The marinated beet salad called to me and I was enthusiastic with every bite, especially with the addition of fromage blanc (I have to admit I have a weakness for cheese in all its forms). I split that with Jamie as our friends split the heirloom tomato sald with figs and prosciutto (gladly they shared and we loved it). The quail was my main course, as it sounded just too yummy to pass up with figs and pancetta-leek au jus. Just delicious. Jamie obviously enjoyed the braised rabbit with tomato confit which he reluctantly gave up a bite to me.
Thankfully our friend ordered the Duo de Bouef with a small filet and braised shortrib and the pork shoulder with quinoa. To my disappointment no one ordered the sea bass, and when it was delivered to the table across the way I was sorry we couldn’t squeeze in one more dish. Check out the full late summer menu on their website.
We still think Angele is one of the great romantic restaurants in Napa, right along the river, with great food, perfect ambience, and wonderful service. A great value for your money.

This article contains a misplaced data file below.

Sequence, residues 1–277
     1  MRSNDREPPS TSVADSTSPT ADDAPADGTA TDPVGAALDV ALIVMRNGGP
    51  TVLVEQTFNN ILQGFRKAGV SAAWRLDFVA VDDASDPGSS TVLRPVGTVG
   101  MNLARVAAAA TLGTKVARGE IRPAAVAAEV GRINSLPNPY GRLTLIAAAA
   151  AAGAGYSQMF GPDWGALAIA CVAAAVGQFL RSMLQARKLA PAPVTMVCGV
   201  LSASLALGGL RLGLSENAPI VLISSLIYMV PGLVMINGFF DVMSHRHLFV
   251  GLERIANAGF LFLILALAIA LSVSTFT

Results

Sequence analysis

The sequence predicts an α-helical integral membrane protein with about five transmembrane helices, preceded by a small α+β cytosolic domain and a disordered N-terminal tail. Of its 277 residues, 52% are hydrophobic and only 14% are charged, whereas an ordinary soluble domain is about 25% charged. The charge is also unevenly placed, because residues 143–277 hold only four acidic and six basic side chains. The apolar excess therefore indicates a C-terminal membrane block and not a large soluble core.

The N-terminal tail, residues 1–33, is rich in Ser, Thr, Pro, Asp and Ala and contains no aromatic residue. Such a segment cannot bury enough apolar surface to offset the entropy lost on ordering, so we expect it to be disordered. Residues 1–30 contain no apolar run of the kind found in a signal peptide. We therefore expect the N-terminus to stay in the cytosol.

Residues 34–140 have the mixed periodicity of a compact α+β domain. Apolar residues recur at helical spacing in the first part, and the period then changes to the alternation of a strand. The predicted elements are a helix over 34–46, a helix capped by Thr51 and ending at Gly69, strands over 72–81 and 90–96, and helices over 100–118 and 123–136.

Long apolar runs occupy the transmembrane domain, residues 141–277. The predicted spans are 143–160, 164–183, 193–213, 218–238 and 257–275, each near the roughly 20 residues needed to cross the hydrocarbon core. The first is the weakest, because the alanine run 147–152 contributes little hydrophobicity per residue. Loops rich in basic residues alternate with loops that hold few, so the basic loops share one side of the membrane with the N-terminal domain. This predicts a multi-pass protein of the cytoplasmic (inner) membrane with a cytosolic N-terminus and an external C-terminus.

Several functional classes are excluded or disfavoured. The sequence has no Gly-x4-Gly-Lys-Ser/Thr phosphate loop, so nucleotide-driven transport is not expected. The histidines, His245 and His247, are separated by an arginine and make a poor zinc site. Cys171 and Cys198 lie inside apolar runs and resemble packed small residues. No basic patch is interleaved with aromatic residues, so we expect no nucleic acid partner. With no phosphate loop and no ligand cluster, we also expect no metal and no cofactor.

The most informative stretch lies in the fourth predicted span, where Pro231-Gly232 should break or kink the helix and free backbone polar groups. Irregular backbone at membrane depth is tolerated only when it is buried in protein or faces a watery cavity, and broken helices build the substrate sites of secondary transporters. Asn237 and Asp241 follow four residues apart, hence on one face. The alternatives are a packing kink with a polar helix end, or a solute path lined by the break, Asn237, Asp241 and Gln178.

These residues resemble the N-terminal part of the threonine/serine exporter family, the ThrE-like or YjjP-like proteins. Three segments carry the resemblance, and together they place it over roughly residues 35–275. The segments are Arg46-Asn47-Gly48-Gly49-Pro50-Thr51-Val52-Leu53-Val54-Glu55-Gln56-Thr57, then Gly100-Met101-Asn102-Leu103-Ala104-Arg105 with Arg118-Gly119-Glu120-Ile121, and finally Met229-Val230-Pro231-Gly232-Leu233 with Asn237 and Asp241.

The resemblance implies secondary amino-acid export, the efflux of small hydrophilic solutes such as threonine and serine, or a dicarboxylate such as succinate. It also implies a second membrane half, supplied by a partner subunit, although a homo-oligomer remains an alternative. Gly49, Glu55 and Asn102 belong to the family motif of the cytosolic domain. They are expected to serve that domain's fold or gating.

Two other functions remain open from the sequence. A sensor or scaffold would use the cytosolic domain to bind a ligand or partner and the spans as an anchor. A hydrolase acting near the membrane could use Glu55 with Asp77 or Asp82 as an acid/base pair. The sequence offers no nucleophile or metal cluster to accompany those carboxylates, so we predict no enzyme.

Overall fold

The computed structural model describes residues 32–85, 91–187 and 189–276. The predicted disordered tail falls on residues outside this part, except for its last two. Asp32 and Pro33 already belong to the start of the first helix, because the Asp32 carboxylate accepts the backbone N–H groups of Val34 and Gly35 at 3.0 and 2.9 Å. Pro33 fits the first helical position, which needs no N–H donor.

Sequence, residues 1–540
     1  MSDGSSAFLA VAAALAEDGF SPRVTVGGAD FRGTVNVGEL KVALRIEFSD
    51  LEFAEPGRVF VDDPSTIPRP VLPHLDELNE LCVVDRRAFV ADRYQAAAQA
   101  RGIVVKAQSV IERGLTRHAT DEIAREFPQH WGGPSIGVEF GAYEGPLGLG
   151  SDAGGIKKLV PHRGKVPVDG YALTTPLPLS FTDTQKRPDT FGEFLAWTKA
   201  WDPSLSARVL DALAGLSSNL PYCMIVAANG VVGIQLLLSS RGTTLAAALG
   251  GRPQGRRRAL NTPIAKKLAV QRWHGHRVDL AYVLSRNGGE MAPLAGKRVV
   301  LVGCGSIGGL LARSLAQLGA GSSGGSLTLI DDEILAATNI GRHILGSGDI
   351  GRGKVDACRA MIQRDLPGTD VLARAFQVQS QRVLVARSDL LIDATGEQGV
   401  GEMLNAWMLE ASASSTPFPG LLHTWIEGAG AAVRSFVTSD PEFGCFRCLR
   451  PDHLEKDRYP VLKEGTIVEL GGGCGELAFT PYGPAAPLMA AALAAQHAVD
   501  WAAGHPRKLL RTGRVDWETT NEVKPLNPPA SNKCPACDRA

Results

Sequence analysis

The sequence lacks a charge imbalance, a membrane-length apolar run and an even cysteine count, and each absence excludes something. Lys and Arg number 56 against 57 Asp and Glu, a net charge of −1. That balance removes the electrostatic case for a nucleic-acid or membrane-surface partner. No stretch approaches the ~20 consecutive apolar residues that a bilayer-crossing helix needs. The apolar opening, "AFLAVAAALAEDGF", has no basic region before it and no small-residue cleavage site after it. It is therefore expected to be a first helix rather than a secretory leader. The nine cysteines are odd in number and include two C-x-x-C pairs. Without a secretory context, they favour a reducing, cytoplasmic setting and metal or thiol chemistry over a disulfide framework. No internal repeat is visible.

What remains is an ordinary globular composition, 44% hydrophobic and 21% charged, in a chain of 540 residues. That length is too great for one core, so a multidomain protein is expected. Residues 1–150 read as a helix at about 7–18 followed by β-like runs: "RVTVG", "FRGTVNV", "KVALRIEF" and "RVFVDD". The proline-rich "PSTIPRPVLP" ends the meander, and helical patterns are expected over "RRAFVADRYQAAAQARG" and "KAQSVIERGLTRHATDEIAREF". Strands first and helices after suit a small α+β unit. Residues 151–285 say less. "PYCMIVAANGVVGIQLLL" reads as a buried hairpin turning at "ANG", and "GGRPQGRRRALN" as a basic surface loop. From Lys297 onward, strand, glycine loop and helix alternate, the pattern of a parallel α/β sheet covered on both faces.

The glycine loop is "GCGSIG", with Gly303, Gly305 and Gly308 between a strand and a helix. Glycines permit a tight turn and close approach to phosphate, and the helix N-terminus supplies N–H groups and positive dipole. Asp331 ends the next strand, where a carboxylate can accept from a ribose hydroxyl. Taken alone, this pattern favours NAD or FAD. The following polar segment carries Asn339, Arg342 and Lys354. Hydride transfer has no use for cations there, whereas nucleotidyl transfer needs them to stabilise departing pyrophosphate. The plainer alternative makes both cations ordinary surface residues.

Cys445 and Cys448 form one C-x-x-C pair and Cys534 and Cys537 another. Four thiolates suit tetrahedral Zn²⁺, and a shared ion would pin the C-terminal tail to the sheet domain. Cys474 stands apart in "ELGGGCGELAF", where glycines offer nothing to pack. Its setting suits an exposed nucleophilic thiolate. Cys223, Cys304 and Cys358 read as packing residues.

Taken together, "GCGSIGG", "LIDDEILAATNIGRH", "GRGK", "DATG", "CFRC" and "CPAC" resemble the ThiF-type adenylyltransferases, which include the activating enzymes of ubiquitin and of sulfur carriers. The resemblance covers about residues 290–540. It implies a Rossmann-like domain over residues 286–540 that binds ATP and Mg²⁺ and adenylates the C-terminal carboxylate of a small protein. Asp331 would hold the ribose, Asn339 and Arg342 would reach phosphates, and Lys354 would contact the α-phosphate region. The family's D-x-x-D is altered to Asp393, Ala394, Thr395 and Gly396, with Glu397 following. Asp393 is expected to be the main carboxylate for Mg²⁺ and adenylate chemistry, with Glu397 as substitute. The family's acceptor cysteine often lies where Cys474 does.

It looks like a small Parisian cafe with candlelight throughout the restaurant and outside the small windows can be seen the lights mirroring off the Napa River. It is a small, intimate restaurant that has an inviting, romantic appeal. We began with cocktails (it is only one of 3 or 4 restaurants in historic Napa that serve cocktails)and they brought a lovely white bean dip with crositini as an appetizer. A nice touch to get the meal started. I ordered the leek and potato soup and was not disappointed by the creamy and velvety texture, and I followed it up with the sweetbreads that came with a fragrant, rich sauce on the plate that coated every piece. On my first bite I was a little overwhelmed by the sauce that I scooped up with my first piece, and quickly learned to leave more of the sauce on the plate and let the sweetbreads with a light drizzle of sauce inform my palate. Afterward it left plenty of sauce on the plate to sop up with the bread they served with the meal. Jamie ordered the mixed green salad and followed it up with the sea bass. The fish was cooked perfectly and came with a light sauce and some veggies on the plate that gave it a nice balance.